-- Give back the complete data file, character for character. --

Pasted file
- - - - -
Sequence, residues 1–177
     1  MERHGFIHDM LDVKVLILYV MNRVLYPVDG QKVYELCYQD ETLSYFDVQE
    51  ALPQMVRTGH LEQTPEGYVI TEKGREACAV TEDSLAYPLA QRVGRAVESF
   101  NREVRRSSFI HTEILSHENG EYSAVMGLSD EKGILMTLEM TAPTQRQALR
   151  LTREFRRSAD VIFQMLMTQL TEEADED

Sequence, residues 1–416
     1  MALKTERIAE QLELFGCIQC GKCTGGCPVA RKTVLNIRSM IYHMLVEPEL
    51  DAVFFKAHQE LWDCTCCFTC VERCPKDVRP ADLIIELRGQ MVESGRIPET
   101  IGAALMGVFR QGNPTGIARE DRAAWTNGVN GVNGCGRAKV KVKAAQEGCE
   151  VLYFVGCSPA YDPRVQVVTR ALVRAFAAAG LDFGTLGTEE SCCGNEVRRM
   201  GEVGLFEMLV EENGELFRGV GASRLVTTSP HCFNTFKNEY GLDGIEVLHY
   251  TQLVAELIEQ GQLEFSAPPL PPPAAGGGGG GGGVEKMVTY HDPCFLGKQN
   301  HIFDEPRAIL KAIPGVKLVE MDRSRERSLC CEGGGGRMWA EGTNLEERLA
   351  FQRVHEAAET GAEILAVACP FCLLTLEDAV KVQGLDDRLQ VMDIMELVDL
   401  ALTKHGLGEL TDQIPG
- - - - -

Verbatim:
Sequence, residues 1–177
     1  MERHGFIHDM LDVKVLILYV MNRVLYPVDG QKVYELCYQD ETLSYFDVQE
    51  ALPQMVRTGH LEQTPEGYVI TEKGREACAV TEDSLAYPLA QRVGRAVESF
   101  NREVRRSSFI HTEILSHENG EYSAVMGLSD EKGILMTLEM TAPTQRQALR
   151  LTREFRRSAD VIFQMLMTQL TEEADED

Sequence, residues 1–416
     1  MALKTERIAE QLELFGCIQC GKCTGGCPVA RKTVLNIRSM IYHMLVEPEL
    51  DAVFFKAHQE LWDCTCCFTC VERCPKDVRP ADLIIELRGQ MVESGRIPET
   101  IGAALMGVFR QGNPTGIARE DRAAWTNGVN GVNGCGRAKV KVKAAQEGCE
   151  VLYFVGCSPA YDPRVQVVTR ALVRAFAAAG LDFGTLGTEE SCCGNEVRRM
   201  GEVGLFEMLV EENGELFRGV GASRLVTTSP HCFNTFKNEY GLDGIEVLHY
   251  TQLVAELIEQ GQLEFSAPPL PPPAAGGGGG GGGVEKMVTY HDPCFLGKQN
   301  HIFDEPRAIL KAIPGVKLVE MDRSRERSLC CEGGGGRMWA EGTNLEERLA
   351  FQRVHEAAET GAEILAVACP FCLLTLEDAV KVQGLDDRLQ VMDIMELVDL
   401  ALTKHGLGEL TDQIPG